There are many Multiple Sclerosis associations and centres around the world using VirtualRehab as a way of providing virtual rehabilitation to help improve therapy for their patients. The Multiple Sclerosis Association of Navarra (ADEMNA) in Spain is one such example. ADEMNA was one of the first MS centres that decided to implement VirtualRehab as part of their provision of rehabilitation several years ago and continues to use it to this day. We had the opportunity to speak to ADEMNA’s director, Josean Villanueva Oyarzabal, about their use of VirtualRehab.
How did you find out about VirtualRehab and what was the reason for incorporating it into your association as part of the rehabilitation process?
We decided to use Virtualrehab in ADEMNA because we learned about the experience that ADEMBI (the MS Association of Vizcaya, Spain) had with VirtualRehab, when we visited the centre and they showed us how they applied VirtualRehab with their patients. In addition, we needed to find some solution for people to autonomously expand their rehabilitation sessions. This hasn’t been totally implemented because the VirtualRehab sessions are always accompanied by a physiotherapist at the moment.
What is the opinion of your patients about VirtualRehab?
The patients say that VirtualRehab is motivating and engaging and that they are actually working without realizing it. They also like it when they can see the comparison with the previous sessions and therefor check their progress.
What do the therapists think about using VirtualRehab as part of the therapies applied?
Physiotherapists feel that VirtualRehab is an excellent form of training that helps to enhance postural and motor control. This can be done automatically (without having to pay attention to it) and in an engaging way. VirtualRehab also makes it easy for us to track and assess the evolution of the patients in the sessions.
How is VirtualRehab used in conjunction with traditional therapy in your centre?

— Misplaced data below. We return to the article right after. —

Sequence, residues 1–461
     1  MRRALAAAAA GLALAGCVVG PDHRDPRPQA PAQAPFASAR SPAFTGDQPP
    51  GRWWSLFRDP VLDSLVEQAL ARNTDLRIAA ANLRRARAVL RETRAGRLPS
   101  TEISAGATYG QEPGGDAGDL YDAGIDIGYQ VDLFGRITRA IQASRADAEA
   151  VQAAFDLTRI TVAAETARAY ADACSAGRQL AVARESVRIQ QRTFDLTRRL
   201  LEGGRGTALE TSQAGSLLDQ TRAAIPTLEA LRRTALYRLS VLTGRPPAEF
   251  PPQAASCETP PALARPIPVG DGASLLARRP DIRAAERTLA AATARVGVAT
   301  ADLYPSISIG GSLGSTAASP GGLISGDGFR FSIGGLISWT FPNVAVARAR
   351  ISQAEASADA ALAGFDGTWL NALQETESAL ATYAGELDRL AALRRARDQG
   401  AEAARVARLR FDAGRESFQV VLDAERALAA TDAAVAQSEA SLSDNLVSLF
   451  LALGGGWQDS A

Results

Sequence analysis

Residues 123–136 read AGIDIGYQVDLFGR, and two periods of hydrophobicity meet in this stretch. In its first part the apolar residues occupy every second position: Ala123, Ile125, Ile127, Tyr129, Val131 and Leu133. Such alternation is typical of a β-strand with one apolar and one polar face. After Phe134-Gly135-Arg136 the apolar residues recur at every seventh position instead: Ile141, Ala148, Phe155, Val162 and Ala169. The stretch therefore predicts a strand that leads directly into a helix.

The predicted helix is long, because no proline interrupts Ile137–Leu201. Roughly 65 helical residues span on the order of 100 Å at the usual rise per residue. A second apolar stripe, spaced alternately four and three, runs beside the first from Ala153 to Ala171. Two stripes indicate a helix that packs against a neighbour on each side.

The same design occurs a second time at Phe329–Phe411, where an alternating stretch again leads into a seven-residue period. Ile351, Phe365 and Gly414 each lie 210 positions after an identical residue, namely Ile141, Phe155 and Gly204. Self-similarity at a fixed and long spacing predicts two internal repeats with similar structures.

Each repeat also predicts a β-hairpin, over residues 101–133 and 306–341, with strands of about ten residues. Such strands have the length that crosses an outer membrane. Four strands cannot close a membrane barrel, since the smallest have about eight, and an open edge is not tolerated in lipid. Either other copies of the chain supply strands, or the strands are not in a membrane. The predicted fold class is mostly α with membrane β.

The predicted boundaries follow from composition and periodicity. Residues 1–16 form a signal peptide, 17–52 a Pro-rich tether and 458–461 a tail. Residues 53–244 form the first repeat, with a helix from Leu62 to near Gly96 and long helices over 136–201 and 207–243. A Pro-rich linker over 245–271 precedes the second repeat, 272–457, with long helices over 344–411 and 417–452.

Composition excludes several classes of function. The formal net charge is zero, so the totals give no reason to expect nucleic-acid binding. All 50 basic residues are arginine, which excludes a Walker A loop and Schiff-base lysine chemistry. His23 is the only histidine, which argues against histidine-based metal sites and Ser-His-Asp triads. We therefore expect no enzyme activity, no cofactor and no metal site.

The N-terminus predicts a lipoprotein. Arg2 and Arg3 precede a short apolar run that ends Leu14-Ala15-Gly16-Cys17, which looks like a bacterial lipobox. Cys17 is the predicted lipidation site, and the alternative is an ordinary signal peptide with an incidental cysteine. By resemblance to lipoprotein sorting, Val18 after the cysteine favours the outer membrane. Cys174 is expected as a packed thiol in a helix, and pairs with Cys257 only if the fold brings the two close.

We’ve transferred traditional therapies to train balance and coordination to VirtualRehab, which allows us to work on motivation and have greater feedback on the progress of each patient. We include working with VirtualRehab during individual physiotherapy sessions of mostly people who are able to perform the games while standing and who have some problems with balance, gait and coordination.
Are there any exergames that your patients particularly like?
The games that patients really enjoy are “Bullseyes and Barriers” and “Touch and dodge.” These are the games that require more activity and combine various movements.
What is your opinion about the use of exergames as part of the therapy process?
We believe that with VirtualRehab the therapy sessions are more motivating, and innovative for the patient, making their rehabilitation more dynamic. One of the strengths of VirtualRehab is that it provides quantitative results at the end of each game. This allows us to evaluate objectively the performance of the patient. It makes it easily comparable with the previous sessions and allows the person to be more ambitious and aware of their rehabilitation progress.
Do you think VirtualRehab helps imporove pateint adherence to treatment?
One of the characteristics of VirtualRehab is precisely that thanks to the playful element of gaming, it helps improve adherence to treatment and motivation.
Finally, do you think VirtualRehab helps imporove pateint adherence to treatment?
We currently don’t provide telerehabilitation using VirtualRehab. We need to explore it more, but we believe in its necessity. Rehabilitation at home could help complement the work realized during the clinical sessions thereby augmenting the intensity of the work.